• Hawkyard, A. D. K. (1982). "Cromwell, Gregory (by 1516–51), of Lewes, Suss.; Leeds Castle, Kent and Launde, Leics.". In Bindoff, S. T. Members. The History of Parliament: the House of Commons 1509–1558. Retrieved 19 April 2014. 
  • Hawkyard, A. D. K. (1982). "Seymour, Sir Henry (by 1503–78), of Marwell, Hants.". In Bindoff, S. T. Members. The History of Parliament: the House of Commons 1509–1558. Retrieved 10 March 2014. 
  • Hawkyard, A. D. K. (1982). "Seymour, Sir Thomas II (by 1509–49), of Bromham, Wilts., Seymour Place, London and Sudeley Castle, Glos.". In Bindoff, S. T. Members. The History of Parliament: the House of Commons 1509–1558. Retrieved 10 March 2014. 
  • "Journal of the House of Lords". 1: 1509–1577. Retrieved 19 April 2014. 
  • Lauder, Rosemary (2002). Devon Families. Tiverton: Halsgrove.  
  • Leithead, Howard (2008) [First published 2004]. "Cromwell, Thomas, Earl of Essex (b. in or before 1485, d. 1540)".   (Subscription or UK public library membership required.)
  • "Letters and Papers, Foreign and Domestic, Henry VIII". Retrieved 3 March 2014. 
  • MacMahon, Luke (2004). "Ughtred, Sir Anthony (d. 1534)".   (Subscription or UK public library membership required.)
  • N. M. S. (1981). Hasler, P. W., ed. "Members. The History of Parliament: the House of Commons 1509–1558". Retrieved 4 March 2014. 
  • Norris, Herbert (1998). Tudor Costume and Fashion. With a new introduction written by Richard Martin (new ed.). New York:  
  • Pollard, Albert Frederick (1897). "Seymour, Edward". In  
  • Richardson, Douglas (2011). Everingham, Kimball G., ed. Magna Carta Ancestry: A Study in Colonial and Medieval Families III (2nd ed.).  
  • Richardson, Douglas (2011). Everingham, Kimball G., ed. Plantagenet Ancestry: A Study in Colonial and Medieval Families III (2nd ed.). CreateSpace.  
  • Roskell, J. S.; Knightly, Charles (1993). Roskell, J. S.; Clark, C. Rawcliffe, eds. "Members. The History of Parliament: the House of Commons 1386–1421". Retrieved 11 March 2014. 
  • Schofield, John (2011). The Rise & Fall of Thomas Cromwell: Henry VIII's Most Faithful Servant.  
  • Seymour, William (1972). Ordeal by Ambition: An English Family in the Shadow of the Tudors. London:  
  • Sherlock, Peter (2008). Monuments and Memory in Early Modern England. Burlington:  
  • Strype, John (1822). Ecclesiastical Memorials II (I). Oxford: Clarendon Press.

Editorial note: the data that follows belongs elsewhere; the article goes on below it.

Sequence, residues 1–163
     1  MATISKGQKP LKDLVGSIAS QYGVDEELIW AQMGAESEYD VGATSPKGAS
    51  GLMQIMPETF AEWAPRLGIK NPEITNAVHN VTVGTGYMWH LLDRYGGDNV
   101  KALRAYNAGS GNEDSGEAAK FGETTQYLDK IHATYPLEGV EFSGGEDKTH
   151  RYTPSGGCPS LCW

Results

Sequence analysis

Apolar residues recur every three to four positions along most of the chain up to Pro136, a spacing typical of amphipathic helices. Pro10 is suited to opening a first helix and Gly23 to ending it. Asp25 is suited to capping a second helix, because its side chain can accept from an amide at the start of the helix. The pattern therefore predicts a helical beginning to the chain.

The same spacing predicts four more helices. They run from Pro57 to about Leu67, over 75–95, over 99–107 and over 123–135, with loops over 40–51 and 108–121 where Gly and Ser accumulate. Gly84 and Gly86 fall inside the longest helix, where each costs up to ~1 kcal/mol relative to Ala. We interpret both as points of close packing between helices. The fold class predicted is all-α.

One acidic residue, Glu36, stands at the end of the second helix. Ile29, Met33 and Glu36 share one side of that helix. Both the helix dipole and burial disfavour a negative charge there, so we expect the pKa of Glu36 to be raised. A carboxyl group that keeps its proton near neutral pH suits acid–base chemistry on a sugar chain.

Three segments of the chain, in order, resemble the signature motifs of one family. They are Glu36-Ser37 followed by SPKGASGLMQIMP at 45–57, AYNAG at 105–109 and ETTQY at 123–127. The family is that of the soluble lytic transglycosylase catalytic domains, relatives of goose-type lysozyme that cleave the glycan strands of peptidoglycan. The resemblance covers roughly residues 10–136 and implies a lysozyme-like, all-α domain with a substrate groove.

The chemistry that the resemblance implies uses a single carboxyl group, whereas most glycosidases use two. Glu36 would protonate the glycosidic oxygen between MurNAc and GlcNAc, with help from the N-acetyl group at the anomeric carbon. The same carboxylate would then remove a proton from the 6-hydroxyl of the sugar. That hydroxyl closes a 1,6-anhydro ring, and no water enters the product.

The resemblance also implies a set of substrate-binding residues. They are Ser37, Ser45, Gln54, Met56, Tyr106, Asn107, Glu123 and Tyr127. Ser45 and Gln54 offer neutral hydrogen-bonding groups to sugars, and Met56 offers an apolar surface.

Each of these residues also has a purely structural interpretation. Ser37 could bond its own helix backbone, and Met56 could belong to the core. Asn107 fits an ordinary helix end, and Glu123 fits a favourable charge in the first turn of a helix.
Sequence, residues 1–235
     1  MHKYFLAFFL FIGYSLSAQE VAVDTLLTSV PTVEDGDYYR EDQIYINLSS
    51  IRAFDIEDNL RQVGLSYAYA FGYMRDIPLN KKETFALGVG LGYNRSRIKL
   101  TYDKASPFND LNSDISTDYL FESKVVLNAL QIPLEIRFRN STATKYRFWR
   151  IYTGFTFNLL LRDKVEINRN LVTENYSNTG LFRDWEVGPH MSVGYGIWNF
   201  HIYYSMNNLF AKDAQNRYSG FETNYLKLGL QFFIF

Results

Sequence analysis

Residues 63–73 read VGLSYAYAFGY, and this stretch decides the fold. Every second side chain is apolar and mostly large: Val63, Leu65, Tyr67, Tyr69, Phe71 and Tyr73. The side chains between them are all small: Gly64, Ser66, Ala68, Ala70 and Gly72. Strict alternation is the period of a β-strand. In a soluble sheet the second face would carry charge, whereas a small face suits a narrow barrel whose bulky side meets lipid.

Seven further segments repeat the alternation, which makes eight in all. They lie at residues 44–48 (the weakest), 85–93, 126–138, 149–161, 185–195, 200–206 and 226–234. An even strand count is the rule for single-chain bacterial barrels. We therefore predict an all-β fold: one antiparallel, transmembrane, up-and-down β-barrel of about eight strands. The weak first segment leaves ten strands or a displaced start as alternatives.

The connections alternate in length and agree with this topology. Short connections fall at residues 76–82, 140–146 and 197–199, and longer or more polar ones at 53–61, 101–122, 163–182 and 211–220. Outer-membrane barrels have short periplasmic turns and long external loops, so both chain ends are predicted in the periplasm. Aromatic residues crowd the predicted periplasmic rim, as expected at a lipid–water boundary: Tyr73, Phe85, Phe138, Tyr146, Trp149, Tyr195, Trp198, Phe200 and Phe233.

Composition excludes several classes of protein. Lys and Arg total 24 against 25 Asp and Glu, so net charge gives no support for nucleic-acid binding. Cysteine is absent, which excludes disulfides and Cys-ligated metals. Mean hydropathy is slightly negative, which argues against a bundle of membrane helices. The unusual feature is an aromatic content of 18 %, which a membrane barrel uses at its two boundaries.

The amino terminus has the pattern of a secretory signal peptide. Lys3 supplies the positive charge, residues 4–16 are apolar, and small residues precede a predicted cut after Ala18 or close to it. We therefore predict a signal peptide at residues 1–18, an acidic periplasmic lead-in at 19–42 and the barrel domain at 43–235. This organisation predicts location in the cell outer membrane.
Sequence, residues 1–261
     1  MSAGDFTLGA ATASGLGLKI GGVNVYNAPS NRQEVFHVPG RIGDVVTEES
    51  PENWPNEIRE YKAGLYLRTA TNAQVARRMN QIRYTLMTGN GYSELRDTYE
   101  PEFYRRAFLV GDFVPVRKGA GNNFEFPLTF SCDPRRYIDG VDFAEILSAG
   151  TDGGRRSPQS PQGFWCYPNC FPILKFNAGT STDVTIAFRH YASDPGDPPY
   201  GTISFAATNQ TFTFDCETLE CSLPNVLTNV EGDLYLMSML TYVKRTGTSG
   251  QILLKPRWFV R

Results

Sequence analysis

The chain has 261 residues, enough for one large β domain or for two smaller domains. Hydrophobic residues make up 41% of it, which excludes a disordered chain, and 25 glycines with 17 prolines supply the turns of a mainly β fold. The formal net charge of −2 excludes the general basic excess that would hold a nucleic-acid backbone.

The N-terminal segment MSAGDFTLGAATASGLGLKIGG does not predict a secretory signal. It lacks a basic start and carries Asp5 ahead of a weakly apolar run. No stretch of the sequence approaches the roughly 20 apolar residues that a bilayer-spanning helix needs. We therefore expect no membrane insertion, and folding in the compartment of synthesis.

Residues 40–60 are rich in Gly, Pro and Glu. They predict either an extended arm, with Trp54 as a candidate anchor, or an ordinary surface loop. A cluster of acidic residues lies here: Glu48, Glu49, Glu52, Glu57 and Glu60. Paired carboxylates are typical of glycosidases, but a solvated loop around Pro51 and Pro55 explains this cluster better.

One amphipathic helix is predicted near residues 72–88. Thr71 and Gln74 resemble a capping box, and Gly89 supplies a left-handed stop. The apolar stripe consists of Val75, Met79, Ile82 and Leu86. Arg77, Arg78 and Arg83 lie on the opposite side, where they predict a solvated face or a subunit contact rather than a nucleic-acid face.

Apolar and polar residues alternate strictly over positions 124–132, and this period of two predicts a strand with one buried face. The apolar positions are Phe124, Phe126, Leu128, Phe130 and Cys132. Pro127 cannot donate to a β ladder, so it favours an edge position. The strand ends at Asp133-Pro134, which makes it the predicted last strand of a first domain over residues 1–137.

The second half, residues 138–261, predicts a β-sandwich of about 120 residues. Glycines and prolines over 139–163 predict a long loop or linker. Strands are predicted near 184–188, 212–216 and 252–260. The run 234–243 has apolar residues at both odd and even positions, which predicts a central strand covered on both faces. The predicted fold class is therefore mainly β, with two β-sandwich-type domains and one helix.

• Syvret, George S.; Carteret, Samuel de (1832). Chroniques des Iles de Jersey, Guernesey, Auregny et Serk (in French). Auquel on a ajouté un Abrégé Historique des dites Iles par Samuel de Carteret. Guernesey: de l'imprimerie de Thomas James Mauger. 
  • Thornton, Tim (2012). The Channel Islands, 1370–1640: Between England and Normandy. Woodbridge:  
  • Wagner, John A.; Schmid, Susan Walters (2012). Encyclopedia of Tudor England (hardback) 3. Santa Barbara:  
  • Wilson, Derek (2006). Hans Holbein: Portrait of an Unknown Man (revised ed.). London:  

External links

  • Seymour, Sir John (1473/74-1536), of Wolf Hall, Wilts. A biography
  • Sir John Seymour, Knight Family tree
  • Seymour Family A pedigree of the Seymour family
  • John Seymour at Find a Grave
  • Church of St Mary the Virgin, Great Bedwyn British Listed Buildings
This article was sourced from Creative Commons Attribution-ShareAlike License; additional terms may apply. World Heritage Encyclopedia content is assembled from numerous content providers, Open Access Publishing, and in compliance with The Fair Access to Science and Technology Research Act (FASTR), Wikimedia Foundation, Inc., Public Library of Science, The Encyclopedia of Life, Open Book Publishers (OBP), PubMed, U.S. National Library of Medicine, National Center for Biotechnology Information, U.S. National Library of Medicine, National Institutes of Health (NIH), U.S. Department of Health & Human Services, and, which sources content from all federal, state, local, tribal, and territorial government publication portals (.gov, .mil, .edu). Funding for and content contributors is made possible from the U.S. Congress, E-Government Act of 2002.
Crowd sourced content that is contributed to World Heritage Encyclopedia is peer reviewed and edited by our editorial staff to ensure quality scholarly research articles.
By using this site, you agree to the Terms of Use and Privacy Policy. World Heritage Encyclopedia™ is a registered trademark of the World Public Library Association, a non-profit organization.

Copyright © World Library Foundation. All rights reserved. eBooks from Project Gutenberg are sponsored by the World Library Foundation,
a 501c(4) Member's Support Non-Profit Organization, and is NOT affiliated with any governmental agency or department.